Share: 

Citizens allowed to intervene in DNREC-Mountaire suit

State judge stays proceedings
April 10, 2019

A federal judge has allowed two groups of class-action litigants to intervene in a lawsuit contesting a consent decree negotiated by Delaware Department of Natural Resources and Environmental Control, and poultry producer Mountaire.

In a March 25 ruling, U.S. District Court Judge Maryellen Noreika granted the motion brought by attorneys for two Sussex County couples to intervene in a two-pronged case.

Meanwhile, a Delaware judge has stayed a state case brought by DNREC against Mountaire until the federal lawsuit is concluded.

In a suit filed by Gary and Anne-Marie Cuppels in Delaware Superior Court, the couple alleges they had to be hospitalized because they drank water contaminated by Mountaire’s spray irrigation practices. The Cuppels suit has come to include over 700 class members. A second suit, filed in U.S. District Court in Wilmington by Joseph and Joal Balback, makes similar allegations and involves 45 other class members.

In June 2018, DNREC filed suits in federal and state court against Mountaire related to groundwater contamination. The DNREC cases go back to September 2017, when DNREC learned Mountaire’s wastewater treatment facility had failed the prior month. A DNREC investigation showed effluent sprayed by Mountaire exceeded drinking water standards, in violation of the company’s spray permit.

In its lawsuit, DNREC also alleges that Mountaire did not notify DNREC in a timely fashion about the system’s failure and did not submit a timely plan of corrective action, among other environmental violations.

Mountaire and DNREC then negotiated a consent decree concurrent with DNREC’s legal filings which would force Mountaire to make short and long-term improvements to the company’s wastewater treatment system. However, court documents show Mountaire would not admit liability for elevated nitrate levels in wells around the company’s Millsboro plant, but Mountaire would provide a central water supply system or deep water supply wells to residents in the area. The consent decree must be signed off on by a judge.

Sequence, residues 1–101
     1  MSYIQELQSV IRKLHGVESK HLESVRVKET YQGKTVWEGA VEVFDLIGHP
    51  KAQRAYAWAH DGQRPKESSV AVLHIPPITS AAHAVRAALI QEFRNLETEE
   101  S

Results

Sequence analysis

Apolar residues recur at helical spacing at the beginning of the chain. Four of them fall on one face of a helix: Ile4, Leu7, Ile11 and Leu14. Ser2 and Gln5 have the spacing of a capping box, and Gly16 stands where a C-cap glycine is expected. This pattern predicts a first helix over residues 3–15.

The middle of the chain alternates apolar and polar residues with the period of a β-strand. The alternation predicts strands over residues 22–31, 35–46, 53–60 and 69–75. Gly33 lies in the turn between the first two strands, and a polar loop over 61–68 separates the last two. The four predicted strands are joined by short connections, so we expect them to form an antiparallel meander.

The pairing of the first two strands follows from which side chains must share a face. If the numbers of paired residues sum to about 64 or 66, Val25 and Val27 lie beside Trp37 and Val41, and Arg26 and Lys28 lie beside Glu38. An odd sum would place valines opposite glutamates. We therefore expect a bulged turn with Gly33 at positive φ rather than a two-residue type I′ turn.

In November, DNREC and Mountaire looked for just that from Superior Court Judge Richard Stokes. But Cuppels and Balback attorneys Chase Brockstedt and Chris Nidel filed motions to intervene; DNREC and Mountaire opposed their intervention, saying it would delay improvements to Mountaire’s treatment facilities. Attorneys for DNREC and Mountaire argued at the November hearing that there would be opportunities for potential intervenors to have their say when Mountaire seeks a permit for a new water supply.

But Brockstedt and Nidel have argued that Mountaire’s operations have been polluting their clients’ water supply for years. They argue that the consent decree prevents legal action against Mountaire for claims prior to the decree going into effect. According to Noreika’s decision, citizens are prohibited from filing suits in instances where the state has already taken action against an alleged violator, leaving the federal court as the only option the intervenors would have to question the consent decree.

“This case is at its earliest stages,” Noreika wrote. “So far, DNREC filed its complaint and intervenors moved to intervene. Intervenors’ full participation would not undo significant work in this litigation or upend a schedule already in place.”

In response to Noreika’s decision, Stokes issued a decision March 29 staying the proceedings in Delaware Superior Court. He said while the stay would delay needed improvements to Mountaire’s treatment facility, the resolution of the federal case will allow for all issues to be addressed and resolved.

“The court is unwilling under the facts of this case to rubber stamp the consent decree,” Stokes wrote. “In the situation at hand, a refusal to enter a stay would increase the amount of litigation in these cases and would complicate proceedings.”

Representatives from DNREC did not comment on the decision. In the class-action cases, a gag order has been imposed to prevent the parties from making comments to the media. Brockstedt said that, while there is not a gag order in the DNREC case, he did not wish to comment on the decisions.